Can I be LGBT and a good Muslim? Of course! Don’t ever allow people or their opinions or your own actions to come between you and your faith in God. Every person is more than simply an orientation or an action. When I stand before God to pray, I am Muslim, a human being, a daughter, a woman,  a sister, black, gay, American, a nurse, a neighbor, a student and so much more than these labels can convey.

I’m okay saying to Allah as I bow down that I am here at your service, turning to you. I don’t always understand everything perfectly, but I ask you for help in everything, and I know that you will and always have helped me, and that you are the best of those who offer assistance.

Hold on to your faith, you are not alone.

Yes, I Am

Rachel Maddow: “I think the responsibility that we have as gay Americans to the extent that we can — and we ought to be really ambitious about the extent to which we can — we have to be out. That’s the thing that we owe the people who came before us who are the pioneers, and that’s the thing we owe the next generation of gay people in terms of clearing the way and making life easier for them. I think that there is a moral imperative to be out, and I think that if you’re not out, you have to come to an ethical understanding with yourself why you are not. And it shouldn’t be something that is excused lightly. I don’t think that people should be forced out of the closet, but I think that every gay person, sort of, ought to push themselves in that regard. Because it’s not just you. It’s for the community and it’s for the country.”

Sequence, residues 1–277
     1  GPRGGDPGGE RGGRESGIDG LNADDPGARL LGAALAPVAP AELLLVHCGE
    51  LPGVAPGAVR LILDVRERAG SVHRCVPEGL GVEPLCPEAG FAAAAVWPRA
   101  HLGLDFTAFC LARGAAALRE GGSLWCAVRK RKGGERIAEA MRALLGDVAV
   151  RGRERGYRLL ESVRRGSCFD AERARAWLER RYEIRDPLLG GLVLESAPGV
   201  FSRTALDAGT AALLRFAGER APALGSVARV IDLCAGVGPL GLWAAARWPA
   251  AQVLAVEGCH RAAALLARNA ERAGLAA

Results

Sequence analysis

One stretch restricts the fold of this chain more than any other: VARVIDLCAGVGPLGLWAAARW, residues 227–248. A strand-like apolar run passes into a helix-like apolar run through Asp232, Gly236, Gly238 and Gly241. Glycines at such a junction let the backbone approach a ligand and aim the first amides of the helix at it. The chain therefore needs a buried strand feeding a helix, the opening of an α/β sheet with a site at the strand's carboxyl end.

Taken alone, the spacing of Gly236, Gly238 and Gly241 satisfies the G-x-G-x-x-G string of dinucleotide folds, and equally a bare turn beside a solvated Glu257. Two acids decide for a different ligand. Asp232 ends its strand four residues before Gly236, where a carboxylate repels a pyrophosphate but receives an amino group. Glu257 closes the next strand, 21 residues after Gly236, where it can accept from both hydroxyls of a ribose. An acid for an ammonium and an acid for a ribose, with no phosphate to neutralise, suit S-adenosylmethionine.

My name is Ify and this is a part of my story. There is much more to me than this but it’s here none the less. I’ve been asked, “How do you know?” Really, just as you know yourself, it’s the same. You don’t need to try everything else to know what feels most real and authentic to you. No, I was not abused as a child and I feel very blessed and fortunate to have had such a loving and nourishing upbringing.

I lived in fear for many years, afraid of what my family, friends, fiancés, and social circle would say as I tried mightily to discern what God intended for me. I don’t claim to have any answers but what I do have is my faith in God, a loving family, and some sincere friends. I’ve come to understand that these connections are more dear to me than anything else.

Perpetually living in a state of anxiety and fear is an awfully heavy burden to carry alone and a diminished way of experiencing the world. I’ve learned that hiding the truth about an integral part of  myself leads to dishonesty. And dishonesty is a poor foundation for building one’s faith or meaningful relationships. It is a quicksand-like foundation for beginning a marriage.

Anger and sadness became my close companions even as I turned to God seeking and hoping for a way out, struggling to maintain my faith. But it wasn’t all doom and gloom, as I joyfully immersed myself in strengthening my relationship with God and with my community through learning and volunteering. I found a fullness and contentment of faith while cultivating my defense mechanisms. It takes a lot of effort to consistently maintain a neutral facade as those around you confidently express the most ridiculous or hurtful opinions. Over the years, deep fissures appeared in this facade and I unconsciously used anger and sarcasm in an attempt to keep my anxiety at bay.